Arrest warrant: Man utilised hands to kill teacher inside house

Teacher and former beauty queen Tara Grinstead vanished from her south Georgia house in 2005, leaving a mystery that had stumped investigators for practically 12 years — till a tip led to an unexpected arrest. The Georgia Bureau of Investigation announced...

Arrest warrant: Man utilised hands to kill teacher inside house

Teacher and former beauty queen Tara Grinstead vanished from her south Georgia house in 2005, leaving a mystery that had stumped investigators for practically 12 years — till a tip led to an unexpected arrest. The Georgia Bureau of Investigation announced...

24 February 2017 Friday 20:00
57 Reads
Arrest warrant: Man utilised hands to kill teacher inside house

Teacher and former beauty queen Tara Grinstead vanished from her south Georgia house in 2005, leaving a mystery that had stumped investigators for practically 12 years — till a tip led to an unexpected arrest.

The Georgia Bureau of Investigation announced Thursday that a former student at Irwin County High School, exactly where Grinstead taught history, has been charged with her murder.

The suspect, 33-year-old Ryan Alexander Duke, was getting held at the Irwin County jail in Ocilla, about 165 miles southeast of Atlanta.

"We always believed that it would be solved," Connie Grinstead, the missing woman's stepmother, told reporters at a courthouse news conference Thursday in which the GBI announced the arrest. "We just did not know when."

The arrest delivers some answers for a little farming community that has extended grappled with Grinstead's strange disappearance.

"When I heard, I just broke down in tears of relief, of anger, of sadness and aggravation," mentioned Wendy McFarland, a fellow teacher and pal of Grinstead's. "Every little thing that had been carried for the last 11 years and 4 months just bubbled to the surface."

Duke burglarized the teacher's property, and utilized his hands to kill her inside the residence, according to warrants that have been read at a late Thursday court hearing, area news outlets reported. He then removed her body from the household with the intent of concealing her death, the warrants state.

Numerous inquiries remain about why she was killed.

GBI agent J.T. Ricketson, the lead investigator, declined to discuss Grinstead's partnership to the suspect and left open the possibility that others were involved. He would not comment on what occurred to the physique, later released a statement saying "the search for Grinstead's remains continues."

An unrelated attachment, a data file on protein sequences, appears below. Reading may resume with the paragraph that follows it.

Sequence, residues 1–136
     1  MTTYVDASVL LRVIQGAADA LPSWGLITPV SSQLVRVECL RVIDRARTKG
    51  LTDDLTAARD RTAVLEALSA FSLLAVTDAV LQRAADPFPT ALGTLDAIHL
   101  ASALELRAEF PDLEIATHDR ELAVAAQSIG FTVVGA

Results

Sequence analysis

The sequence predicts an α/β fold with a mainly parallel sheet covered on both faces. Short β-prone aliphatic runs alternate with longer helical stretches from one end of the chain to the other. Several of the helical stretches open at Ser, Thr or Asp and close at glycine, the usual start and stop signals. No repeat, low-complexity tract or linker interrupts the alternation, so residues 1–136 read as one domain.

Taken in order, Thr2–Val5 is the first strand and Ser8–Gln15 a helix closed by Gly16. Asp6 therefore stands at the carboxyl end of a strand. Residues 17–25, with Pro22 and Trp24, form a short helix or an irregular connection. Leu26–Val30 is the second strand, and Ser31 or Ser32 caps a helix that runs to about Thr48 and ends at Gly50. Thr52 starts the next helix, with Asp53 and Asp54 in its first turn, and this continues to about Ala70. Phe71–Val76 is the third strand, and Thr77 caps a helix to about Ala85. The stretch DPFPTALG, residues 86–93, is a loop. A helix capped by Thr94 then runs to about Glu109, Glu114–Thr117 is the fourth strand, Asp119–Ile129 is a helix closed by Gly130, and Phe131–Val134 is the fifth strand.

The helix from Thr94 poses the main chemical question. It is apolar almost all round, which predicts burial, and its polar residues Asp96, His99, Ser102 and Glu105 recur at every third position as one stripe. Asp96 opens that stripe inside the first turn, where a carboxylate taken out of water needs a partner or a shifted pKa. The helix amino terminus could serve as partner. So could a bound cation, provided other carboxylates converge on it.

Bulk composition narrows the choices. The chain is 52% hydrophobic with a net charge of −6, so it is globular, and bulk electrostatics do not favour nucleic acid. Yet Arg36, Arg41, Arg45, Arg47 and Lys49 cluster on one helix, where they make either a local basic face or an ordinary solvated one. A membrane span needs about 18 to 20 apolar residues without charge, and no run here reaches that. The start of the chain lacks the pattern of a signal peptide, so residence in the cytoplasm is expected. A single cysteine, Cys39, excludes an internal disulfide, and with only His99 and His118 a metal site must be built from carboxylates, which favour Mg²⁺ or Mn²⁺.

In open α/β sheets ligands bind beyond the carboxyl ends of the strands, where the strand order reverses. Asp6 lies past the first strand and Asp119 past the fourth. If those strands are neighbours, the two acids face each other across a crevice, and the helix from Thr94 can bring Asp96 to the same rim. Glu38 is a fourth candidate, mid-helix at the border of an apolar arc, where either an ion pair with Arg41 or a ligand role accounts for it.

Ricketson told reporters a tip days ago led investigators to make the arrest.

Duke had been a student at Irwin County Higher College, where Grinstead taught history, about three years just before the teacher vanished, Ricketson added.

He didn't elaborate but noted that just after hundreds of leads in the case that incorporated interviewing many people today, Duke had by no means been among them.

"This gentleman by no means came up on our radar," Ricketson said.

McFarland said she was shocked authorities were accusing Duke, saying she remembered him as a polite higher college athlete who played on the tennis group.

"My recollection of him is that he was a extremely bright young man," McFarland mentioned. "He was quite nice."

McFarland said she did not know no matter if Grinstead had taught Duke.

It wasn't instantly known if Duke had an lawyer.

Grinstead was 30 when she was last observed Oct. 22, 2005. The former Miss Georgia contestant, who in 1999 won the title Miss Tifton in a nearby city, spent the day assisting contestants in a Miss Sweet Potato pageant and then attended a cookout. She was reported missing two days later following failing to report to operate.

Her residence was discovered locked, her automobile parked in the driveway. Her dog and cat have been home, but Grinstead's purse and keys had been gone. A latex glove — the form worn by police officers and healthcare workers — was located in her yard.

Ricketson stated police suspected foul play from the starting, but discovered little physical evidence. Technically she remained classified as a missing person.

Grinstead's 2005 disappearance sparked an outpouring of support in Ocilla, a farm community of about three,300 men and women, and surrounding Irwin County.

Volunteers helped search on foot, though a Tara Command Center was set up with a phone tip line and a web site, http://www.findtara.com. Rewards of $100,000 were provided for Grinstead's secure return or for information and facts leading to an arrest and conviction if she was harmed.

"Right right after it happened, there were men and women on almost everything from ATVs to horses looking for her more than the complete whole county," mentioned the Rev. Joey Whitley, a Baptist minister and the elected chairman of Irwin County.

For 11 years and four months, the search for answers never ever stopped entirely. As the GBI announced Duke's arrest, a sign asking "Where's Tara?" nevertheless hung outdoors the sheriff's office.

A regional probate judge declared Grinstead dead at her father's request in 2010. But some Irwin County residents kept hope alive. Whitely stated one of them was a lady in his office.

He stated she told him: "You know I was nonetheless hoping. I nonetheless had that hope that they would come across her alive someplace."

———

Connected Press researcher Rhonda Shafner contributed to this report.

Our editors found this article on this site using Google and regenerated it for our readers.

Comments

Warning!

You have to login for comment. If you are not a member? Register now.

Login Sign Up